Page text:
‘Welcome To The Recovery’: The US Jobs Crisis Worsens – Unemployment Report Bleak On All Counts

Welcome to the Recovery (New York Times, by Timothy Geithner, August 2, 2010)

The Jobs Crisis (New York Times, Sep 3, 2011):

The August employment report, released on Friday, is bleak on all counts, but at least it leaves no doubt that the United States is in the grip of a severe and worsening jobs crisis. That should lend a sense of urgency to the speech on jobs that President Obama plans to deliver this week.

The economy added no jobs in August — zero — and the anemic numbers for June and July were revised downward. The unemployment rate is stuck at 9.1 percent, but it would be 16.2 percent if it included the swelling ranks of those who find only part-time work and the millions who have given up looking for jobs that simply do not exist.

In his speech on Thursday, Mr. Obama does not need to alert Americans to the dire situation; they have been telling pollsters for months that job creation — not budget cuts — should be policy makers’ top priority. This is his chance to present a plan big enough to ramp up job growth in the near term, while initiating long-term fixes to improve the economy and sustain employment.

He should not calibrate his policies to fit what he hopes will be acceptable to his Republican opponents. The House Republicans are never going to give Mr. Obama anything, and they are ideologically opposed to the government’s acting on the scale that is needed.

The American people will understand if Mr. Obama makes his case clearly and powerfully. The Republicans will refuse to, and the president should speak candidly about their disregard for workers. (Last week, the Republicans showed their disregard for the presidency by fighting over the timing of the address.)

The first step is to not make matters worse. The main cause of unemployment now is a lack of consumer demand. Americans — unemployed, underemployed, underwater in their debts, and understandably anxious about the future — are unwilling or unable to spend. To counteract that, it is vital to extend federal unemployment benefits and the temporary payroll tax cut for employees beyond year’s end, a move that would put some $160 billion into Americans’ pockets and preserve some 1.5 million jobs.

The next step is to create jobs. The highway trust fund must be reauthorized before it expires at the end of September, a step that would prevent furloughs of current workers and create some 120,000 jobs a year over the next three years via investments in transportation. In addition, a $50 billion school renovation program would employ 500,000 workers, out of 1.5 million unemployed construction workers, and could be easily scaled up.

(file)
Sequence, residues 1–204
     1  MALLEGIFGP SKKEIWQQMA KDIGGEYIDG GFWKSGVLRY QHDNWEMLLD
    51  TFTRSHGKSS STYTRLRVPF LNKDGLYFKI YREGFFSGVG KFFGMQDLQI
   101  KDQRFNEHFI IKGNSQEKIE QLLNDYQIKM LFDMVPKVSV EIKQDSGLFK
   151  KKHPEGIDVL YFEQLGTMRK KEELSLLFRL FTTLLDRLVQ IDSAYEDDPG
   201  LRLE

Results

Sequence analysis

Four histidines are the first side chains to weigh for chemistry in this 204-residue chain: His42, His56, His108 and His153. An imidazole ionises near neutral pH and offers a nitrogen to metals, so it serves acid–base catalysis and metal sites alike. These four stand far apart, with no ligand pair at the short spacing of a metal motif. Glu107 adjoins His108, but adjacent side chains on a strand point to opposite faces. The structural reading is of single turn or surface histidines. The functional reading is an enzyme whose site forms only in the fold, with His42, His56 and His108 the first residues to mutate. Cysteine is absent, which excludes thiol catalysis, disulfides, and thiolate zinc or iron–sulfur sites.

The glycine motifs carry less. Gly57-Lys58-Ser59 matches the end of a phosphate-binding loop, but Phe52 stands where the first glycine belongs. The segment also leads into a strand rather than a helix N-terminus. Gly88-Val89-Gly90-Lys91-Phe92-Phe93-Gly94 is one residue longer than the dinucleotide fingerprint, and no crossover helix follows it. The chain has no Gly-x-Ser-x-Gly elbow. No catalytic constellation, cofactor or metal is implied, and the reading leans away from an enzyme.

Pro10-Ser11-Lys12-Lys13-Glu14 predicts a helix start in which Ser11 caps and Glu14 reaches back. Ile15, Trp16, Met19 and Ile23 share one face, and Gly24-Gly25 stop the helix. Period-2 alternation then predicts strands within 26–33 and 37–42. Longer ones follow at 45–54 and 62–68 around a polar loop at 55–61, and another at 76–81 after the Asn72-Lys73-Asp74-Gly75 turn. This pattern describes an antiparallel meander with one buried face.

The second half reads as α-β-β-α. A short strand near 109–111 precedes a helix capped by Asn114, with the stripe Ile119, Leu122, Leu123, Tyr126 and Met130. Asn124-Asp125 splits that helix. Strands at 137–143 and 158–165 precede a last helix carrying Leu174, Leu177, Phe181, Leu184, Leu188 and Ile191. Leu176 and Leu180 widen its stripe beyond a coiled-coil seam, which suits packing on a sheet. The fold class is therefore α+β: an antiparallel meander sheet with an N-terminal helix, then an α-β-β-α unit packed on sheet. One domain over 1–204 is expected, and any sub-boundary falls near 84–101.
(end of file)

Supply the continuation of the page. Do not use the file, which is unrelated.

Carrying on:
The federal government must also stop the hemorrhaging of state budgets, which has led to the elimination of nearly 700,000 teaching jobs and other government positions in the last three years. Analysts estimate that for every government job lost, at least one job is lost in the private sector, as laid-off government workers stop spending and private contractors lose work. The fastest way to get aid to states is to increase the federal Medicaid share. The states will then have money to pay employees and contractors.

In August, joblessness was nearly 18 percent among Americans under 24. They need more federal jobs in parks, community centers and on college campuses, as well as in service programs like AmeriCorps.

It is vital that Mr. Obama push for mortgage relief, to boost consumer spending and help repair household balance sheets.

Mr. Obama cannot order Fannie Mae and Freddie Mac, the government-run mortgage companies, to refinance the mortgages of underwater borrowers in good standing. But he can apply pressure by making it clear that it is profoundly in the public interest that they do so. Mr. Obama should also support principal reductions for troubled borrowers in bankruptcy, in legal settlements, and in other loan modification efforts.

Immediate measures must be accompanied by long-term plans. In particular, Congress should heed Mr. Obama’s call for an infrastructure bank, to combine public and private investment in large-scale projects.

Mr. Obama should explain that the efforts will be paid for, over time, by tax increases and spending cuts that will begin as the economy recovers. For now, they will require more borrowing, which is prudent, given the need and today’s low interest rates.

Republicans will insist that the nation cannot afford to do the things necessary to create jobs. We can’t afford not to. Mr. Obama must be clear about that on Thursday.

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